Baltimore Investigation Turns to Ship’s Deadly Mechanical Failure

Just minutes before the cargo ship Dali was set to glide under Baltimore’s Francis Scott Key Bridge, the ship’s alarms began to blare. The lights went out. The engine halted. Even the rudder, which the crew uses to maneuver the vessel, was frozen.

As a frantic effort to restore the ship was underway, the pilot soon recognized that the aimless vessel was drifting toward disaster, and called for help.

The cascading collapse of the vessel’s most crucial operating systems left the Dali adrift until it ultimately collided with the Key bridge, knocking the span into the river and killing six people. But as crews this week were still sorting out how to disentangle the ship and recover the bodies of those who died, investigators were also turning to the most central question: What could have caused such a catastrophic failure at the worst possible moment?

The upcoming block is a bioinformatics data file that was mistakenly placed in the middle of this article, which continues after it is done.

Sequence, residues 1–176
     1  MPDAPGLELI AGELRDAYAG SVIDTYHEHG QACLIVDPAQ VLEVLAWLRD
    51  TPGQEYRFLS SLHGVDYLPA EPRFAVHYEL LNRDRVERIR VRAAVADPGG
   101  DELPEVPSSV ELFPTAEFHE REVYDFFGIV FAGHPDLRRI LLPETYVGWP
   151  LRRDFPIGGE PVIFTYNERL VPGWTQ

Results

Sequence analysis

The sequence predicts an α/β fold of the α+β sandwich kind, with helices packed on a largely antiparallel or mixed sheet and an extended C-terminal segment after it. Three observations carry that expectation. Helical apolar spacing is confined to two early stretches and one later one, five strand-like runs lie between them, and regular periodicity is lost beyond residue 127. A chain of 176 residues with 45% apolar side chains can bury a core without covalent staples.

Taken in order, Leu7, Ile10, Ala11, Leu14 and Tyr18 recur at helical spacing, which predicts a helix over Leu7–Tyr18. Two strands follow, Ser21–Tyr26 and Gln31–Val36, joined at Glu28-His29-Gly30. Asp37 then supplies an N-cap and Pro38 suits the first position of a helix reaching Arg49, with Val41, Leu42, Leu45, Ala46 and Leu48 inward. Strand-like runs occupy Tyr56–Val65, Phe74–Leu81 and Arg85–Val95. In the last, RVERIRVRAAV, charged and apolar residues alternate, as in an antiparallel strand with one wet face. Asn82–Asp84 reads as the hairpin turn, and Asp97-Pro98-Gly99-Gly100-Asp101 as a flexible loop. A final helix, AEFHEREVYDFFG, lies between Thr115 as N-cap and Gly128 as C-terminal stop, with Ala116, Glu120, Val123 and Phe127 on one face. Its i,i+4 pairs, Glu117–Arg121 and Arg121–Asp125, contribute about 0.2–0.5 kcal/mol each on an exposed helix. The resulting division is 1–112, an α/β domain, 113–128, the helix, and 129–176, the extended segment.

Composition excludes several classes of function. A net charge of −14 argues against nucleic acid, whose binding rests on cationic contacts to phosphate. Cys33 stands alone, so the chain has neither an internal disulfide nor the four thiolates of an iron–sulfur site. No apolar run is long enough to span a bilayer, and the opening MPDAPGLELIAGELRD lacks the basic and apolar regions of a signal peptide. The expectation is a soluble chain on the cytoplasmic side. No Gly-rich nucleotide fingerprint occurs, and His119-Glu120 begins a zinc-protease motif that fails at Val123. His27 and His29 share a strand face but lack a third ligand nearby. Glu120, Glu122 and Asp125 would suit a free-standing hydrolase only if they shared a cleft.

Engineers, captains and shipping officials around the world are waiting for that answer in an era when the industry’s largest ships can carry four times as much cargo as those just a few decades ago, navigating through congested urban ports under bridges that may carry tens of thousands of people a day,

Already, a few key questions are emerging, according to engineers and shipping experts monitoring the investigation, and most of them point to the electrical generators that power nearly every system on the 984-foot vessel, not only the lights, navigation and steering, but the pumps that provide fuel, oil and water to the massive diesel engine.

The “complete blackout” reported by the pilot is hard to explain in today’s shipping world, in which large commercial vessels now operate with a range of automation, computerized monitoring, and built-in redundancies and backup systems designed to avert just such a calamity.

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